MENU
Skip to content Skip to navigation

Energy

UC Merced Wraps Another Record Year

Between record enrollment and research expenditures, a massive economic impact on the San Joaquin Valley, new buildings and a visit from the new UC president, the University of California, Merced, has had a big year.

Newly appointed University of California President Janet Napolitano chose UC Merced for her first campus visit – in her first week on the job – saying the youngest UC campus is important to the UC system, but also to the Central Valley and the state.

UC Merced Hopes to Use Rooftops to Generate Electricity

UC Merced is doubling down on its solar commitment.

The campus is looking at installing rooftop solar systems on up to 11 main campus buildings and the chancellor’s residence, moving the campus closer to meeting its Triple Zero commitment and saving money.

A request for proposals was issued in October, and campus planners and sustainability leaders will look at what vendors come up with before making any decisions.

Summer Research Takes UC Merced Around the Globe

Just because it’s summertime doesn’t mean research at UC Merced comes to a halt.

Just the opposite.

This summer, professors and students at all levels are conducting a variety of research projects on campus, off campus, in the oceans and forests and around the world.

Up in Yosemite National Park, for example, nine undergraduate students are getting a summer experience to last them a lifetime, conducting research with faculty researchers from UC Merced, scientists from the U.S. Geologic Survey and from the park.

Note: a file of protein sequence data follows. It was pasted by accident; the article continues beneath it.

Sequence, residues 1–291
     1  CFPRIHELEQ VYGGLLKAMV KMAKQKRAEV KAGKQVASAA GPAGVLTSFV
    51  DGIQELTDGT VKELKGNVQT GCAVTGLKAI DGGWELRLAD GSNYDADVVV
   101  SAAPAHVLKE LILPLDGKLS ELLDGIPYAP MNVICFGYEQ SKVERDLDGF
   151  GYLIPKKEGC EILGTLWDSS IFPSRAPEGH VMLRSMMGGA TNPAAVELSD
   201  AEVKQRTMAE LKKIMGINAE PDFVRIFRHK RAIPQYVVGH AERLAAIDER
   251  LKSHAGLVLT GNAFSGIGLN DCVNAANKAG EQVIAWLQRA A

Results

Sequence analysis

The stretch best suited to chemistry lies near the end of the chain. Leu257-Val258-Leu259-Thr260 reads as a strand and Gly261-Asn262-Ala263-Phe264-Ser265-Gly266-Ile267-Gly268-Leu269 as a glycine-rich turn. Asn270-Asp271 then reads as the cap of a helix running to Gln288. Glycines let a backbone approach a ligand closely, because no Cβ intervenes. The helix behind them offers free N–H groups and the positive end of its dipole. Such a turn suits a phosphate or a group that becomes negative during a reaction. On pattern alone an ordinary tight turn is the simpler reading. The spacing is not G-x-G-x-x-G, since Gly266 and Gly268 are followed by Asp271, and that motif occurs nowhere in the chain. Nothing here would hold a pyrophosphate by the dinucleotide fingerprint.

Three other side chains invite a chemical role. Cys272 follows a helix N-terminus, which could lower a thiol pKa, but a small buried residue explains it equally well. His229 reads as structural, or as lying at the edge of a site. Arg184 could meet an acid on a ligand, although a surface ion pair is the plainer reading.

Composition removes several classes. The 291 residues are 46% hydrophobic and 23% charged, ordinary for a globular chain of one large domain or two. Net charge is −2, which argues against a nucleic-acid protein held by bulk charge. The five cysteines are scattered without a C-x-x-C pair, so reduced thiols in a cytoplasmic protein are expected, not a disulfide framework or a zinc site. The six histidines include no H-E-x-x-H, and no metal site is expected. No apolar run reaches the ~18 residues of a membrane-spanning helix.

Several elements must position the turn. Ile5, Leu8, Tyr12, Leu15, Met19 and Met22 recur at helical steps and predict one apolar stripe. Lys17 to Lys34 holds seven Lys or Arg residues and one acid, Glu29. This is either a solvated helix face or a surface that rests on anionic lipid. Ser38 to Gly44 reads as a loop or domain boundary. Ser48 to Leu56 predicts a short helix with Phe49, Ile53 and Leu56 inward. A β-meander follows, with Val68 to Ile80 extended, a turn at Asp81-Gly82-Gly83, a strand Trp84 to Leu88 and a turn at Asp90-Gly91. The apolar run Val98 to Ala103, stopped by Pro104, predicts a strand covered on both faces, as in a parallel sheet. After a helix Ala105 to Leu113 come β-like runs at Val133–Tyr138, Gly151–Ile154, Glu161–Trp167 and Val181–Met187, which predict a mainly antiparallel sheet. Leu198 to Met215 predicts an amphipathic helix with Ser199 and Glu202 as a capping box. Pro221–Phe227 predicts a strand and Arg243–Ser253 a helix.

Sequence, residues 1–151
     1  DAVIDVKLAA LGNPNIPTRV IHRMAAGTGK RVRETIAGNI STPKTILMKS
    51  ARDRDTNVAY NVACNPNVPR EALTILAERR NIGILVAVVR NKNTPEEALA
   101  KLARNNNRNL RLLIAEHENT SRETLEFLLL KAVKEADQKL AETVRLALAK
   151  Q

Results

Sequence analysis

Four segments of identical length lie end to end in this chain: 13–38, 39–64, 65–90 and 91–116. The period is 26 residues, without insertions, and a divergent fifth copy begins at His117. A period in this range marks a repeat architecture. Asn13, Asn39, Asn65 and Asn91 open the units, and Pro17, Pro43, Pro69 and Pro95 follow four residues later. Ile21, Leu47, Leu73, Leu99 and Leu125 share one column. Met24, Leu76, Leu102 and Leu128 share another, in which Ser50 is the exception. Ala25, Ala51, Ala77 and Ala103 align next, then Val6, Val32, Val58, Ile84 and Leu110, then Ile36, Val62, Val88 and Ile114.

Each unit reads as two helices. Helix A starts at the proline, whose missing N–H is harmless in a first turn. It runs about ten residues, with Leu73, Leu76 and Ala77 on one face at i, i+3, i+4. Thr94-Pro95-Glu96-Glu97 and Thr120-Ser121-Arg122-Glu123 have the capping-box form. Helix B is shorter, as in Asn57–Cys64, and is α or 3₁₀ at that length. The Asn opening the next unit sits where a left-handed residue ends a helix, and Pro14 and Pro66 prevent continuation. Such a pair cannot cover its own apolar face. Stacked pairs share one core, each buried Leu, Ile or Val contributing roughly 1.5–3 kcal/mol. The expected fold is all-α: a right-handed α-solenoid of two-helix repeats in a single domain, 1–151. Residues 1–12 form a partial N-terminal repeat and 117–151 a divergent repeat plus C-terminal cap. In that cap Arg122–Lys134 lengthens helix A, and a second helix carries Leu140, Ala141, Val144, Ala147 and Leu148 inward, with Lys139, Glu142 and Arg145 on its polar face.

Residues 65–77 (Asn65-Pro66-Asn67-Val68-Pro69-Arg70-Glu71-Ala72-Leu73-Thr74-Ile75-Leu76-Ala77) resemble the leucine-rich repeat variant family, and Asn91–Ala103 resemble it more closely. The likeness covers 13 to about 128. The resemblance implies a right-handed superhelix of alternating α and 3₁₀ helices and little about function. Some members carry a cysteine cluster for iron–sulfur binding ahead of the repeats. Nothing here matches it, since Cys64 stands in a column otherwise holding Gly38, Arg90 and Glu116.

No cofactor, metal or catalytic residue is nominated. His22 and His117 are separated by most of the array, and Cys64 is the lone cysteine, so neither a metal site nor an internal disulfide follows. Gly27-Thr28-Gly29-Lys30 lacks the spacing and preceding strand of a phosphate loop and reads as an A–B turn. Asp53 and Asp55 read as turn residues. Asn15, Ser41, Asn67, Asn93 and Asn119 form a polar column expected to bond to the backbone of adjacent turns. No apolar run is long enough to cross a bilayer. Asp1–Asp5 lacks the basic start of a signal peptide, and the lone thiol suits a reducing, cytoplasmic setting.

Research Week Highlights Cutting-Edge Work

Researchers at the university in your backyard are delving into issues of great importance to the San Joaquin Valley, the state, the nation and the world.

You can learn more about their work at the eighth annual UC Merced Research Week, from March 4 through 8, on campus and in downtown Merced.

Research at UC Merced encompasses cancer; diabetes; climate change; water, soil and air quality; water availability; nanotechnology and robotics; history; mapping; archaeology; human genes; and much, much more.

Professor’s Paper, Among Year’s Best, Shows Dramatic Effects of Mountaintop Mining on Climate

UC Merced School of Engineering Professor Elliott Campbell has co-authored a paper showing that mountaintop removal mining will dramatically accelerate the regional effects of global warming by turning natural carbon sinks into sources of carbon emissions, some within the next 15 years.

Pages

Subscribe to RSS - Energy